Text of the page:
Shelstad, 29, told Goswick that she and Gross flirted, passed notes and had indecent contact in the jail library, in a closet and in Shelstad's cell. Their relationship went on between September 2009 and October 2010, and Shelstad gave Gross her cellphone number to contact her after she was released, according to the criminal complaints.

But Shelstad, of Marion Center, reported that she discovered Gross and Dailey were involved with each other and asked Gross to tell Dailey about their relationship.

"She advised that Gross threatened her that she could easily find (Shelstad's) address," Goswick wrote.

According to criminal complaints, Gross, of Ligonier, was charged with 10 counts of having sex with inmates, an activity that, whether voluntary or forced, is criminalized as a felony offense called institutional sexual assault. She also is charged with three felony counts of making terroristic threats and three misdemeanor charges of official oppression.

Dailey, of Indiana, faces three counts each of making terroristic threats and official oppression.

Investigators earlier reported that Gross was charged at the outset of Goswick's investigation with making threats against Murphy in the county jail.

Goswick charged Gross with making terroristic threats, intimidation of a witness, official oppression and harassment, alleging that Gross lashed out after learning that Murphy tipped off Goswick to the sexual activity with inmates.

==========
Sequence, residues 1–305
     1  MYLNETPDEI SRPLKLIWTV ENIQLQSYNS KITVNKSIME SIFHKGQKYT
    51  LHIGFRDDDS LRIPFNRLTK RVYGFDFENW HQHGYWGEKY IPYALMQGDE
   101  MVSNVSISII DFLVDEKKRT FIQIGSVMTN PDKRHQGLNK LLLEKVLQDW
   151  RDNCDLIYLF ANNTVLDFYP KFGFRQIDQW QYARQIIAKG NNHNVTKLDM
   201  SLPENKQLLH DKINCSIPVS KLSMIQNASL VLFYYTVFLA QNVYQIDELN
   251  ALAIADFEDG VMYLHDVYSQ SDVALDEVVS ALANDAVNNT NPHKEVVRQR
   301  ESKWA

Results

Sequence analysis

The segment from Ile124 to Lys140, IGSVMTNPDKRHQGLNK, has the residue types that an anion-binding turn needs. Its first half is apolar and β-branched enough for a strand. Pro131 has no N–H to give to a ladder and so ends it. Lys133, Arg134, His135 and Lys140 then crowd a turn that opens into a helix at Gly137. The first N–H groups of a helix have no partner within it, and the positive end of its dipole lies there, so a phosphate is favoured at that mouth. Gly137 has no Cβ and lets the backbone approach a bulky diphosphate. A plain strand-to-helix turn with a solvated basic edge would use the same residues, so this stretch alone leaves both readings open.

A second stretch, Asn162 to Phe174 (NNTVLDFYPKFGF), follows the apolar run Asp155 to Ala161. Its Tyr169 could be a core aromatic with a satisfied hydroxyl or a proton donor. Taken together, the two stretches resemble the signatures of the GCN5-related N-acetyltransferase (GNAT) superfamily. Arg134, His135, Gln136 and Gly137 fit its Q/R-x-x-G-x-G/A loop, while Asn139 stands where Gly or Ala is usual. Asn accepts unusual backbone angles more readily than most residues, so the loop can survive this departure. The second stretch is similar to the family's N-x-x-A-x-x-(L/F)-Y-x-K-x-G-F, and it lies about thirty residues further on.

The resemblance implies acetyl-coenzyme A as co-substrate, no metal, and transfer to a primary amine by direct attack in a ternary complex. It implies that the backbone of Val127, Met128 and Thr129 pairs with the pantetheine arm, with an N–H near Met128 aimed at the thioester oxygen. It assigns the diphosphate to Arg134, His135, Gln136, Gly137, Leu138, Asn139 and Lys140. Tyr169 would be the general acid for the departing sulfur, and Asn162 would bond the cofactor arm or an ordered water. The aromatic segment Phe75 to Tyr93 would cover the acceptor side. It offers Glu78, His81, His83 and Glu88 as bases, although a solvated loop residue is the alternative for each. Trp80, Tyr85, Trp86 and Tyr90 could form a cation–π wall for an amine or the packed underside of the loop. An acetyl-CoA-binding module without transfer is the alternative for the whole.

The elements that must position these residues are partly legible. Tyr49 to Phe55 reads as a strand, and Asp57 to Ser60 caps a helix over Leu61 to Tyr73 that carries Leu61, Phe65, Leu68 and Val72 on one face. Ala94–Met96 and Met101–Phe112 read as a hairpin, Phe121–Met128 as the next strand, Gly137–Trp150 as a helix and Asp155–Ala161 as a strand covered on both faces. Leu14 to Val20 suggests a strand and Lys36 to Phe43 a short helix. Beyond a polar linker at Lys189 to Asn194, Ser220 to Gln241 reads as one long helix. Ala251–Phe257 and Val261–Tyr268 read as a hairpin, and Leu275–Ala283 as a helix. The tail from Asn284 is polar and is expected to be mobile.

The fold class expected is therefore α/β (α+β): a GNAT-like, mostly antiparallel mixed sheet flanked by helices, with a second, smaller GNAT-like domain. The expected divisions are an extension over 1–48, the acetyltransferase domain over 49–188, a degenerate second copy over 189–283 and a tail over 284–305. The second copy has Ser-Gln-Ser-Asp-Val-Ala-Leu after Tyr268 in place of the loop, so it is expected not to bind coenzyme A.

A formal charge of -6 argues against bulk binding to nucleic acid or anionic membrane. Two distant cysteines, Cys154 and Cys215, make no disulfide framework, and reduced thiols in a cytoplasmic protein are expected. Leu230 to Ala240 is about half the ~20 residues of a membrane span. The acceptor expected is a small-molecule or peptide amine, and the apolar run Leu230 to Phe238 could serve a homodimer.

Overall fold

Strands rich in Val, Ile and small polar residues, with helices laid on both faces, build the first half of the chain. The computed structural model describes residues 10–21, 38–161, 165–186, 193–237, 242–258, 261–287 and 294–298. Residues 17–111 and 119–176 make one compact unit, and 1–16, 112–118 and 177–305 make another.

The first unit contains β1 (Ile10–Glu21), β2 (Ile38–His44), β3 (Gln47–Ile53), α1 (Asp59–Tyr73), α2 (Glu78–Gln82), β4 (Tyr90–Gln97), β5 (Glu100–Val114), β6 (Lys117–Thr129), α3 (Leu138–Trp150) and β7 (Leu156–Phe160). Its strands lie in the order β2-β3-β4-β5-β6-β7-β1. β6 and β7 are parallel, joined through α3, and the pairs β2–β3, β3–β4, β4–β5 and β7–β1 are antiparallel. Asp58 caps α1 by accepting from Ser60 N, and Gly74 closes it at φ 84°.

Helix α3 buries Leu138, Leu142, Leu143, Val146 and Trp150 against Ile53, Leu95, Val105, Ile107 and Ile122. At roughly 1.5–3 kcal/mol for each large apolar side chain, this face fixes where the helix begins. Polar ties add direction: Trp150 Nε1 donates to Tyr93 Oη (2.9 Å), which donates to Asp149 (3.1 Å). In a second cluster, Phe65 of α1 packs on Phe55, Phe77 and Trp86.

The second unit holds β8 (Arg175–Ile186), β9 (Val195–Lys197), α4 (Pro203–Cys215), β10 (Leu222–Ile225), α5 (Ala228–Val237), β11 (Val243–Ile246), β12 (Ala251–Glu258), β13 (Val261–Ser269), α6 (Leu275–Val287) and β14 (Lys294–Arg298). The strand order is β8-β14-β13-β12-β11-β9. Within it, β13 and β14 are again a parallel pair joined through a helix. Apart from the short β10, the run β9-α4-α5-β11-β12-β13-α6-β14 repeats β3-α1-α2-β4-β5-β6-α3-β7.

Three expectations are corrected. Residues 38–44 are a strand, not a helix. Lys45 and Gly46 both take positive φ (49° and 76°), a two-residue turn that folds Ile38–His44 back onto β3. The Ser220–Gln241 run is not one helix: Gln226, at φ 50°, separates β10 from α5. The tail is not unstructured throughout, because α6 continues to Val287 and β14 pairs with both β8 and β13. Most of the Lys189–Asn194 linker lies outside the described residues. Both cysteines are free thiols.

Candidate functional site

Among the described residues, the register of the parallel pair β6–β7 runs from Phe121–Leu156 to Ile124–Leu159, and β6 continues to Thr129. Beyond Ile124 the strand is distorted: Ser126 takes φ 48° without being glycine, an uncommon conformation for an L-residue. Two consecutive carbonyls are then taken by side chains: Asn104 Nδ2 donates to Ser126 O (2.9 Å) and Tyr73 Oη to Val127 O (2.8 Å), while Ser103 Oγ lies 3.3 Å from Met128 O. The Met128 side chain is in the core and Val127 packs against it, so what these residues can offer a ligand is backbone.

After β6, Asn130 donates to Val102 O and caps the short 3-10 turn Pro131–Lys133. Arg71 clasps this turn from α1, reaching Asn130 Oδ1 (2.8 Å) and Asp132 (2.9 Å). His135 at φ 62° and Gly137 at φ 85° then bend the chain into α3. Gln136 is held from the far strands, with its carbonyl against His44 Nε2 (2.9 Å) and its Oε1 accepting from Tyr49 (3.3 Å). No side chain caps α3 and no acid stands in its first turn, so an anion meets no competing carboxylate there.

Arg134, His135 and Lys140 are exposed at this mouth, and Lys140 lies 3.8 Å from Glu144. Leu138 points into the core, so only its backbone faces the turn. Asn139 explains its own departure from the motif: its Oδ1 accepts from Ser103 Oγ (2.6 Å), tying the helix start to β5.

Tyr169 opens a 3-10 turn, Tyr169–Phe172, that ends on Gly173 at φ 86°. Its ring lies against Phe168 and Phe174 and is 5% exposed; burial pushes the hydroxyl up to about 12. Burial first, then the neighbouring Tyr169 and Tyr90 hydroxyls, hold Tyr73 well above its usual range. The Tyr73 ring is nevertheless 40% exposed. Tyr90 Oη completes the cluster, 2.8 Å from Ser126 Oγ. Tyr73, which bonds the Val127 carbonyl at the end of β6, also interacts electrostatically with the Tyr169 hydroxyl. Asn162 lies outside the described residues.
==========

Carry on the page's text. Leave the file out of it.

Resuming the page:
According to a criminal complaint filed Nov. 3 in Indiana district court, inmate Devona Carter reported that Gross told Murphy, "listen up, I'm only going to say this once, you will not be in jail forever," a statement that she inferred was a threat. Carter told Goswick that Gross also yelled at Murphy, "stop (expletive) telling on me."

A second inmate, Brean Buggey, told police that inmate Chrystal Oswalt told Gross she was going to "kick Misty's ass" and that Gross then repeatedly encouraged Oswalt to harm Murphy.

Gross is to appear Dec. 15 for a preliminary hearing on the intimidation charges before District Judge Guy Haberl.

Oswalt, 30, of Indiana, and Murphy, who are reported to be sisters, are co-defendants with several other suspects charged in connection with a series of residential break-ins in Washington, Rayne, Young and White townships.

According to court papers, Carter and Buggey told police they filed formal requests with county jail administrators to talk to police because they were concerned for Murphy's safety.

Murphy remains in the county jail and is scheduled to appear Thursday in Indiana County Common Pleas Court for formal arraignment on the burglary counts.

Gross and Dailey initially were lodged in the county jail but both posted $25,000 bond and were released to await action before District Judge George Thachik.